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Winning Back the Revolution

Most Egyptians want economic recovery, not more protests, according to national Gallup surveys conducted over the past eight months. Do activists have any chance of winning back the street?

As Egyptians go to the polls for the first time since the fall of former President Hosni Mubarak, the country is deeply divided. The protests of recent weeks -- which began with a call for the military to relinquish its hold on power -- have descended into violent street clashes between angry youth and the police, with as many as 40 killed and hundreds injured in the fighting. Even now, thousands remain camped out in Tahrir Square and in front of the parliament building in downtown Cairo.

Most Egyptians have likely not welcomed the most recent round of protests with the same enthusiasm as the uprising that brought down Mubarak. According to nationally representative Gallup surveys conducted across the country in four rounds between late March and September, most Egyptians long for a return to normalcy, and see the country's biggest problems as economic, not political. Among the wider public, the military is popular, while continued demonstrations that are viewed as crippling the economy and prolonging instability are not. But by responding to the protesters with brute force, Egypt's ruling generals may have squandered that good will. While Egyptians oppose continued sit-ins, they reject attacks on civilians with even greater fervor.

Following are some of the most notable highlights from this groundbreaking survey.

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Most Egyptians support the revolution

  • 83 percent supported the protesters who called for former President Mubarak's resignation
  • 11 percent participated in the protests

The clashes and chaos in Tahrir and elsewhere in Egypt over the past several days stand in stark contrast to the euphoria in the weeks after mostly peaceful mass protests succeeded in ousting Mubarak after 30 years in power. In late March/early April, 83 percent of Egyptians said they supported these demonstrations and 11 percent reported personally participating in them. While those who said they took to the streets were most likely to be young, educated, and male, the demonstrators included the entire demographic spectrum. Most importantly, their average household income reflected the public at large. In a country where the deepest political divides often fall along class lines, the demands of Egypt's Jan. 25 uprising represented the will of the vast majority of Egyptian society, transcending traditional economic differences.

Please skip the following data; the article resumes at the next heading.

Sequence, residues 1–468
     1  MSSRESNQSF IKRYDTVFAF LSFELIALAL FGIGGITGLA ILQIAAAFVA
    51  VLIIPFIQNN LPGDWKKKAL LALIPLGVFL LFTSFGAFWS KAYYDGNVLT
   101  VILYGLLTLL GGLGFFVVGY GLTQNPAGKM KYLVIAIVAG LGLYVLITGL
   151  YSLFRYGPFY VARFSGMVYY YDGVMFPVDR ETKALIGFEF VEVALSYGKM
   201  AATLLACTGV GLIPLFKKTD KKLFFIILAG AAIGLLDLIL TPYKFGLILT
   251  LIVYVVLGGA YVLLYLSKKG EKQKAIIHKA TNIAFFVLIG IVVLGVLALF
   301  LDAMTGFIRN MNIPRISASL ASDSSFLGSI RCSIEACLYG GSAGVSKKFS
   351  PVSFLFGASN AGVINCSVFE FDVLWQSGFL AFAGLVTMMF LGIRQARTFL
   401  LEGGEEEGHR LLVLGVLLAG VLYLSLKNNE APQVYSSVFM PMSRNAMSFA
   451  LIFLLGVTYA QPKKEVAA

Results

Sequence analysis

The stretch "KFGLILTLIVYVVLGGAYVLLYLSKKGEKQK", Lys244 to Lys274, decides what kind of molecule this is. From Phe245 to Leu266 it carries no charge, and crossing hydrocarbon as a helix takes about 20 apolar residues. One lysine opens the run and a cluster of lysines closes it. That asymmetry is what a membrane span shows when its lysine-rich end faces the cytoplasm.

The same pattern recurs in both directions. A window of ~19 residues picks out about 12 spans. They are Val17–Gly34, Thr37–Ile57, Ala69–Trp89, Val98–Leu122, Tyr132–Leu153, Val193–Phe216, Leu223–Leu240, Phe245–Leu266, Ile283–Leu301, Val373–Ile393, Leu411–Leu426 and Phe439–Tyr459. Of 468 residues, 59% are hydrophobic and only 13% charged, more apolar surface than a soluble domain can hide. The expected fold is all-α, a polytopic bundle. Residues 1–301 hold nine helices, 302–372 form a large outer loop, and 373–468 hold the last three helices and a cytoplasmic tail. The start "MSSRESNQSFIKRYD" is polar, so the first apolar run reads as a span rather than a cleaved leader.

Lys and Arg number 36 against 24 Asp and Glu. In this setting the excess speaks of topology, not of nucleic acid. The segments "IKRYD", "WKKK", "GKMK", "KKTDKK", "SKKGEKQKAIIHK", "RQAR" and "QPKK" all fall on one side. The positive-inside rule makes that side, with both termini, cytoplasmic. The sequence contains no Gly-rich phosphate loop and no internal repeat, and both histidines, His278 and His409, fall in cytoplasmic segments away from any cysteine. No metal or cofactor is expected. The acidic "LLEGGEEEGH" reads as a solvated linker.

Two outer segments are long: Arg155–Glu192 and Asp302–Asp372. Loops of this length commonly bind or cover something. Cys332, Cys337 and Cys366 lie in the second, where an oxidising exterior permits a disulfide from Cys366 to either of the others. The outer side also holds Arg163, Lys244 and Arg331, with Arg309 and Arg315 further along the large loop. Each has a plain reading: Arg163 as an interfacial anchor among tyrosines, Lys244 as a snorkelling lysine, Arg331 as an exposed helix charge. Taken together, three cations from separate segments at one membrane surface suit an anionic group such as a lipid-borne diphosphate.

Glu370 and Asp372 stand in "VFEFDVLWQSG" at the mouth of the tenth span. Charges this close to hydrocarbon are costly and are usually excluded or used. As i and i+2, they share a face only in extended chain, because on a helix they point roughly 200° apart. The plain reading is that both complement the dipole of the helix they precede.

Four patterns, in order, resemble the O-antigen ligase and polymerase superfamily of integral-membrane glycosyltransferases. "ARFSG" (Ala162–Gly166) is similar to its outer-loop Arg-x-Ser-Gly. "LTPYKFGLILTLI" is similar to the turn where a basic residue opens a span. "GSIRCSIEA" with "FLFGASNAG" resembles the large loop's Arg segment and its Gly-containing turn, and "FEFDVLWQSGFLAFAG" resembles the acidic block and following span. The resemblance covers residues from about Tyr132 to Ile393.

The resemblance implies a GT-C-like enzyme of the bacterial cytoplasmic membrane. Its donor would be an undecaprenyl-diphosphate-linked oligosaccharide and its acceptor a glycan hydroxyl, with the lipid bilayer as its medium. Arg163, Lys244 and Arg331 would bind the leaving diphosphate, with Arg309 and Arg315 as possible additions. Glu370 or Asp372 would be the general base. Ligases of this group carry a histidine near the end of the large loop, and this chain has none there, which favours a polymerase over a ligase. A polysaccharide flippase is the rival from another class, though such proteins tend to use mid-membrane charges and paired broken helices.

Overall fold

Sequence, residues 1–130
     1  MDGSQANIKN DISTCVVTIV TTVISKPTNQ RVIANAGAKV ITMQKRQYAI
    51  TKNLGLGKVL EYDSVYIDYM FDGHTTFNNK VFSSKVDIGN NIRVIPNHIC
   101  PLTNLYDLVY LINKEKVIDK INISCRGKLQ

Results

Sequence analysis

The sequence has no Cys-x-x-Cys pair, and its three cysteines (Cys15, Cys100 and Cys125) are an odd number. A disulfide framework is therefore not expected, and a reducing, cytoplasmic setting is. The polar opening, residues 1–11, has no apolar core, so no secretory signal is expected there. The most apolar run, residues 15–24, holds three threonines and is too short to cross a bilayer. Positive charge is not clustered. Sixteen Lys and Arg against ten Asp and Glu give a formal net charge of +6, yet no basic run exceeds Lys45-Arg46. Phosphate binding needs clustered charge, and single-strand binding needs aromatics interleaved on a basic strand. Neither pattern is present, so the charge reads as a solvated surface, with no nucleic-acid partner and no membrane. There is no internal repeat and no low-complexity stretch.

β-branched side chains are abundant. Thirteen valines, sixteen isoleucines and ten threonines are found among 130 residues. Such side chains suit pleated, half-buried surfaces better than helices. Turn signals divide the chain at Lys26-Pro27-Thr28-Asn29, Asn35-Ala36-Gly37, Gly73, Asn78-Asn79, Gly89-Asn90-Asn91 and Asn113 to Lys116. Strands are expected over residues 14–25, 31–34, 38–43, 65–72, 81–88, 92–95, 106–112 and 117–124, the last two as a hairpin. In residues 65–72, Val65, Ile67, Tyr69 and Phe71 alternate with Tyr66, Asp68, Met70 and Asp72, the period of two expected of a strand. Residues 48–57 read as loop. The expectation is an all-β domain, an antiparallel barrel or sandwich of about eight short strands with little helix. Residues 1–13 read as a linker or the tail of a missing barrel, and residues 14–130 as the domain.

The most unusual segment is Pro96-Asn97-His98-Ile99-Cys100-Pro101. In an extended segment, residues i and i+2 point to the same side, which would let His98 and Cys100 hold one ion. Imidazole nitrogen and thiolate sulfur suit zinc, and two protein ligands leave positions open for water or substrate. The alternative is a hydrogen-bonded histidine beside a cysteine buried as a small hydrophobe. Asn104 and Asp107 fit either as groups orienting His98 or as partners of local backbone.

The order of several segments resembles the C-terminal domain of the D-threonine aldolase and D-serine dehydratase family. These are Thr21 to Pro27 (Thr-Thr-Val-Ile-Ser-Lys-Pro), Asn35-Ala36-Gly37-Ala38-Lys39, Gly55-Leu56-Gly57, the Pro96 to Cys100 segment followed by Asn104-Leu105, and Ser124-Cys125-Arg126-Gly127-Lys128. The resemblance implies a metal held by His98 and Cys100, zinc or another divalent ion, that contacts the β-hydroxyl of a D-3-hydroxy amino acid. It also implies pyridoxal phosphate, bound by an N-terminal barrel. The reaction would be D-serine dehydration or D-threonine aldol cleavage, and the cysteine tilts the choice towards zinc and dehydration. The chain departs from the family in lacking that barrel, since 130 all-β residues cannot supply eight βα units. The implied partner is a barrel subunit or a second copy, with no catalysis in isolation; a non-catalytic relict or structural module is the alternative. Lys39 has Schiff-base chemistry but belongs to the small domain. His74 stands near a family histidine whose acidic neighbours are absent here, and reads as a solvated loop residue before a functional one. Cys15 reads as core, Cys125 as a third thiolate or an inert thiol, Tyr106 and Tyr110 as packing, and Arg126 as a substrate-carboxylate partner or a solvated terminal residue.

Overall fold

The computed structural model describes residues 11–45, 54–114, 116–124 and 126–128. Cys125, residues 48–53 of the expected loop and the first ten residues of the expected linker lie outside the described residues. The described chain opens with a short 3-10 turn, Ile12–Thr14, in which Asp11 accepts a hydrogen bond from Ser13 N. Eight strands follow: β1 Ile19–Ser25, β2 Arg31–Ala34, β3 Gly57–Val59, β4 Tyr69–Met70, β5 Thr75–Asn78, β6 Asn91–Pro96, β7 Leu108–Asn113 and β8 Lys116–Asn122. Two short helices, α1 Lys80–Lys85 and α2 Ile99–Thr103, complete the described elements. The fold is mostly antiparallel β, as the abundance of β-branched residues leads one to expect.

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As much as Egyptians supported the 18-day demonstrations calling for Mubarak's resignation, they oppose continued protests with equal spirit. This, coupled with the military's popularity, makes the public unlikely to support demands for the Supreme Council of the Armed Forces to step down -- especially if it means prolonging the economic and political instability during the transition to civilian rule.

Egyptians' top concerns are economic -- inflation, unemployment, and lack of affordable food -- in contrast to activists' demands that center around political reform. For many, ongoing protests likely appear to exacerbate these economic problems and destabilize the country.

The lack of tangible improvement in many Egyptians' everyday lives since Mubarak's resignation has taken its toll. The once-robust majority who believed their lives would improve in post-Mubarak Egypt has shrunk since April. The growing number of revolution skeptics are less likely than those who expect life to improve after Mubarak's ouster to have confidence in political institutions such as the judicial system, the national government, or in the honesty of elections.